A Commentary About Blizzard Entertainment’s Recent Game Design Philosophy

Blizzard has been often criticized for making their games to be “unoriginal” and “watered down” versions of the other games in the genre. With the recent release of Overwatch, many people have been criticizing it for its similarity to Team Fortress 2. Hearthstone was widely criticized as a Magic the Gathering ripoff, Heroes of the Storm was labelled as a heavily dumbed down version of a MOBA, Diablo III was considered to be too simple by many Diablo II players. Despite all of these critcisms, all of these titles are still performing well and it is clear that the obscene levels of Blizzard polish is making their games shine. It makes you wonder how these so-called “unoriginal” and “watered down” games could possibly be successful. I won’t comment on Diablo III because I haven’t been a long time fan of the series however for the rest of the games, are these criticisms really justified?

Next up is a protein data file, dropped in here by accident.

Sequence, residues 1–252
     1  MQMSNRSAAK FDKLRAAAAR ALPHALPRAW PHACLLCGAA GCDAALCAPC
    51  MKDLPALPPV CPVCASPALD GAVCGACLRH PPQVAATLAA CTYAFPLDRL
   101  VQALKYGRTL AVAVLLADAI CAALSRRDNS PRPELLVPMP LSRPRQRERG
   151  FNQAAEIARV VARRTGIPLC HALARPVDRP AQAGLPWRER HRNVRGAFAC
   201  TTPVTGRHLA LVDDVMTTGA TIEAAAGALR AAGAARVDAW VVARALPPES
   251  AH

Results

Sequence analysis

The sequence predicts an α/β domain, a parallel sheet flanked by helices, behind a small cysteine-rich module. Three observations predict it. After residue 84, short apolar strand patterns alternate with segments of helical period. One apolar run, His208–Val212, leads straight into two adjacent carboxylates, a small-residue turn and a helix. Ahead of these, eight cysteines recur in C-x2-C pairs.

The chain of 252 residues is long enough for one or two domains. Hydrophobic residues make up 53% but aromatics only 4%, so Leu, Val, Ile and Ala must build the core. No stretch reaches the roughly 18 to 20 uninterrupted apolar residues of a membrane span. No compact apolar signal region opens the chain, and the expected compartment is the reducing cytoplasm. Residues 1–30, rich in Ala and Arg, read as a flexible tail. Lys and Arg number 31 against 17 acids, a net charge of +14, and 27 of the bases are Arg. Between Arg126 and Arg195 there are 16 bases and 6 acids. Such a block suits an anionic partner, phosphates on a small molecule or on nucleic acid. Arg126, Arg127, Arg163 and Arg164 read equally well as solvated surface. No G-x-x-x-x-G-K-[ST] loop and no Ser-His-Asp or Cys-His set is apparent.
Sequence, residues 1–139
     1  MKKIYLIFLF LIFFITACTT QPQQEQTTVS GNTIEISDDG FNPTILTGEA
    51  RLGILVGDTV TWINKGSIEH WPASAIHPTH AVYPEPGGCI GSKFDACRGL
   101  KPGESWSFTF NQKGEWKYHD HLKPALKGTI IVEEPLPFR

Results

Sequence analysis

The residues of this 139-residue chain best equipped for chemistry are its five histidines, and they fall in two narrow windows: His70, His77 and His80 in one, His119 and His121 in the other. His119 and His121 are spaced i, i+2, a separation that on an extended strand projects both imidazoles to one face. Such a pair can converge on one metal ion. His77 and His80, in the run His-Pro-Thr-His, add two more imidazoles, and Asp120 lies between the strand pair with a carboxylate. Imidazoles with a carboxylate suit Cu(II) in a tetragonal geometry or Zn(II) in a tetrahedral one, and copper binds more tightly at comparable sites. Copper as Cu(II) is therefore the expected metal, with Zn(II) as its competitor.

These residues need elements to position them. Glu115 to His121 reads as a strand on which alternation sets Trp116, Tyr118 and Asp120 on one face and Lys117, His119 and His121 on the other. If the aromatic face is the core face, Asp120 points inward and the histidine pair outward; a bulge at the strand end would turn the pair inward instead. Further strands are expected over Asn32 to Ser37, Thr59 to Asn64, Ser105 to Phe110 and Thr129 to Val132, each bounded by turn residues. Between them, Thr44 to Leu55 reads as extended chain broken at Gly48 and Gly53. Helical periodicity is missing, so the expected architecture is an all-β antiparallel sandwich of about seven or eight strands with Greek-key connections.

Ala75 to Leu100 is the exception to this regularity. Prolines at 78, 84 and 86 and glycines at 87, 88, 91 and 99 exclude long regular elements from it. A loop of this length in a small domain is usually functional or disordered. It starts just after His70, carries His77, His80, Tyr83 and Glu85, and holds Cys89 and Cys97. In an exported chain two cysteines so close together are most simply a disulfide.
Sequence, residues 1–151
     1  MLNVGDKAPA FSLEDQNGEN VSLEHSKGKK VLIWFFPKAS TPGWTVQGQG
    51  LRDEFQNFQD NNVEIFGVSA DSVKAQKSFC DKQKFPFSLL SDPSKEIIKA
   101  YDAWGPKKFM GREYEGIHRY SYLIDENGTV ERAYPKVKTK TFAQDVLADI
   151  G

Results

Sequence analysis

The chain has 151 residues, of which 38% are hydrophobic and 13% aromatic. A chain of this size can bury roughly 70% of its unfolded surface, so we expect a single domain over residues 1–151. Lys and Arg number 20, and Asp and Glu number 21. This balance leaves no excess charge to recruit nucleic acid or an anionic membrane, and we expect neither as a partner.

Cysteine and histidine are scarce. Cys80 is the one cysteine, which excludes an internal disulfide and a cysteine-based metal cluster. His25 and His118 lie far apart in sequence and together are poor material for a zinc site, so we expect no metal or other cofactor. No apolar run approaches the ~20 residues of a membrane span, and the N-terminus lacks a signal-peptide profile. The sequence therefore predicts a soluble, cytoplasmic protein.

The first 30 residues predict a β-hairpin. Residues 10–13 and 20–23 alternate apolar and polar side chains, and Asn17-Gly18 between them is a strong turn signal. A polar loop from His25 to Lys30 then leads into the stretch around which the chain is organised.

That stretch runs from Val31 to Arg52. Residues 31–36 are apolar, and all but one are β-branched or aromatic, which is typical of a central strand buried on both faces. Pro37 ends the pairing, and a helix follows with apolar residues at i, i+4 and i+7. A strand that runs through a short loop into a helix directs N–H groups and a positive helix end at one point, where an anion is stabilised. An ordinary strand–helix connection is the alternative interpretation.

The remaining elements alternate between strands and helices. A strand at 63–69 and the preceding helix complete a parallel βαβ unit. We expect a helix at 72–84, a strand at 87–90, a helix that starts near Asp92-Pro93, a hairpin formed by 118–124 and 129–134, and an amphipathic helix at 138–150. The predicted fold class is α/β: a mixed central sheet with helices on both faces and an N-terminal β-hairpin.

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Assassination Classroom vs Real Life – Teachers, Learning Environments and Educational Challenges

Warning – This article contains relatively minor spoilers. Please proceed at your own risk.

The over-arching plot in Assassination Classroom is basically, a very powerful and dangerous creature appears out of nowhere and becomes the teacher of class 3-E, the lowest performing class at Kunugigaoka Junior High School. So now the students of 3-E, aka the “End Class” are assigned with the task of killing their own teacher, and thus claim a bounty of 10 billion yen. The plot is quite interesting, as well as the well-developed characters that are supporting it however, there is another aspect of Assassination Classroom I wish to talk about in this article, and that is the apparent message being conveyed to us as viewers. As we see the class grow, develop and overcome challenges, we get a glimpse of the topics related to teachers, students and education that provokes some thought in how we think about teaching and learning.

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